In this interview, we delve into the expertise of Lynda Roth, a professional known for assisting mid-market companies in leveraging technology to thrive in the 21st-century economy. Lynda sheds light on the challenges these companies face when determining their information technology needs and integrating suitable systems. She emphasizes the importance of streamlining operations through technology, fostering interconnectivity with customers and suppliers, and dispels common myths surrounding the availability and affordability of technology solutions. With her extensive background in small and mid-sized businesses, she brings a unique perspective to the table, offering insights into the key criteria for evaluating back-office systems and highlighting the pitfalls to avoid during implementation. Through her guidance, Lynda empowers mid-market companies to become digitally driven, interconnected businesses poised for success in the modern era.
What types of companies do you work with, and how do you assist them?
I primarily work with mid-market companies, typically ranging from 50 million to a billion in revenue. Some of these businesses have even surpassed the billion-dollar mark, while others are smaller, such as the marketing company I’m currently assisting with revenue of just under 40 million. Despite the range, these companies often struggle with determining their information technology needs and integrating them effectively.
In a recent client engagement, the owner expressed the desire for new systems but had budget constraints that limited their options. However, I assured them that suitable solutions were available. My role was to help them identify the right technologies and guide them through the implementation process.
My main objective is to assist these companies in transforming into 21st-century businesses by leveraging technology. Regardless of the industry they belong to, embracing digital operations is essential for their profitability and growth. I often refer to it as “surviving and thriving in the 21st-century economy.” To illustrate this, I draw parallels with the transformative technological advancements of the late 19th and 20th centuries, such as the telephone, electricity, and the light bulb, which revolutionized industries. During that time, small shops and craftsmen gave way to large companies that eventually became industry giants.
Similarly, in the 21st century, digital technologies emerged in the 1990s. Initially, businesses primarily used them internally for tasks like accounting. The Internet has revolutionized the landscape of business operations, enabling businesses to connect and interact in unprecedented ways, and it is surprising how many businesses are still operating with outdated technology and not taking advantage of cloud-based systems to operate more efficiently.
Returning to the example of my client in the food and nutraceutical chemicals industry, their core production remains the same. However, instead of relying on spreadsheets and manual processes to manage production schedules and customer interactions, they can now leverage advanced technology to become an interconnected and streamlined enterprise.
How do you assist them in streamlining their operations using technology?
My role involves helping businesses streamline their operations by utilizing technology to enhance communication with suppliers and customers. Take the procurement process, for instance. Traditionally, businesses have dedicated procurement departments that handle tasks like purchase orders and supplier selection using manual processes. However, these tasks can now be streamlined through digital means.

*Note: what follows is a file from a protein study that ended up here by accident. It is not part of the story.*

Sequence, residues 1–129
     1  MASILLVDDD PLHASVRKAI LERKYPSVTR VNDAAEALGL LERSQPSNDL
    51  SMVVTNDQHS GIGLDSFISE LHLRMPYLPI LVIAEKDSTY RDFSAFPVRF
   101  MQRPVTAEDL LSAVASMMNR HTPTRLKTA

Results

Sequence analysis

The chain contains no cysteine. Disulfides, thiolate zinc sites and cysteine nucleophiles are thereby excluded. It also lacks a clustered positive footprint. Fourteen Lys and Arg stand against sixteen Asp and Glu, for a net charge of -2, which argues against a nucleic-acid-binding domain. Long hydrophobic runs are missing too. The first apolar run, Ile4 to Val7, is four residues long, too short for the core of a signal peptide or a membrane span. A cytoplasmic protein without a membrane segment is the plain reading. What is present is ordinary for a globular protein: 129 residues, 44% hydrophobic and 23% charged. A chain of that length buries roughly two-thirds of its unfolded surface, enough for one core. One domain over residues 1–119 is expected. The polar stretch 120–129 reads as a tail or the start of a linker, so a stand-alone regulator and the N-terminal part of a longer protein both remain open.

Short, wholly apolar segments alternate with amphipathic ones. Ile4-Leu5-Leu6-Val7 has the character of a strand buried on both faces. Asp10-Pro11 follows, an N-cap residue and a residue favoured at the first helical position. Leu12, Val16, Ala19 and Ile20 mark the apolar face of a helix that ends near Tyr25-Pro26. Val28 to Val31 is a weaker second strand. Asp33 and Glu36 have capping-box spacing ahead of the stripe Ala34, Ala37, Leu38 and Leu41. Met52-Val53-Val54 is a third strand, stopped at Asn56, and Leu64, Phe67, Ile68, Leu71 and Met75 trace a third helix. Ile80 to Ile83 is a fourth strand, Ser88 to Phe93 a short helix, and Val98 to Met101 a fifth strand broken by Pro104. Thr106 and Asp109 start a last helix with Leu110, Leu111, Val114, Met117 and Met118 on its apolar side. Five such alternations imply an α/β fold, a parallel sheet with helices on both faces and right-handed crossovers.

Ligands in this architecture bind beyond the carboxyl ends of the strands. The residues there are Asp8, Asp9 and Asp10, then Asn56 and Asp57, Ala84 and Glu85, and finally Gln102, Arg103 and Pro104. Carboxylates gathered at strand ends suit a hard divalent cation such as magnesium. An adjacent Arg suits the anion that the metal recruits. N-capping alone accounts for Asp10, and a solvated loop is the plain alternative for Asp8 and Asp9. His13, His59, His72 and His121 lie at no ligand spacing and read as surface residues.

I recall a case where a potential client, who manufactured small dishes for frozen food dinners, initially dismissed my suggestions as impractical. He expressed frustration with receiving frequent rush orders from the food companies he supplied. I explained to him that his inventory, which consisted of the products provided to the food manufacturers, was considered a “sea level” inventory. This meant that it wasn’t regularly monitored by the manufacturers, leading to last-minute rush orders when they realized they lacked specific dishes needed for their food products.
To address this challenge, I proposed integrating his business with the food manufacturers’ enterprise resource planning (ERP) systems. By connecting with their ERP systems, he would gain visibility into their manufacturing schedules, enabling him to anticipate their needs and proactively produce the required dishes aligned with their production plans.
What are the main challenges companies face when researching new systems?
When it comes to researching new systems, many mid-market companies encounter significant challenges. The executives and owners of these companies understand the importance of upgrading their systems, but they often struggle with the high costs associated with well-known brands like Oracle, SAP, or Microsoft Dynamics, which dominate the market. This creates a dilemma because software companies targeting the mid-market segment face difficulties in gaining visibility and recognition compared to larger vendors.
One of my key roles is to present alternative options that can help these companies save money on software systems. This involves not only reducing immediate costs but also considering the long-term expenses associated with system upgrades and digital transformation.
I remember working with a metal distributor in California that faced a similar situation. Despite generating significant revenue, they were still using an outdated 1980s system. Their small IT department focused primarily on day-to-day operations and lacked the knowledge of the company’s true system needs and where to find appropriate solutions. When CEOs and decision-makers in such situations start researching new systems, they often encounter an overwhelming amount of information about expensive options like Oracle, SAP, and Microsoft Dynamics. The price tags associated with these systems often reach tens of millions, leading companies to believe that there are no other viable alternatives available.
However, there is a market segment of mid-market systems that offer suitable solutions. It surprises me that these mid-market systems have not invested more in promoting their offerings to increase awareness. Nevertheless, my career revolves around familiarizing myself with these systems, building relationships with reliable vendors, and connecting them with companies that express the need for systems but have concerns about affordability. Unlike large consulting firms, I offer a distinct advantage by presenting alternatives beyond the big-name software systems often recommended by major accounting or consulting firms.
How do you assist companies in overcoming challenges during the implementation of more efficient systems?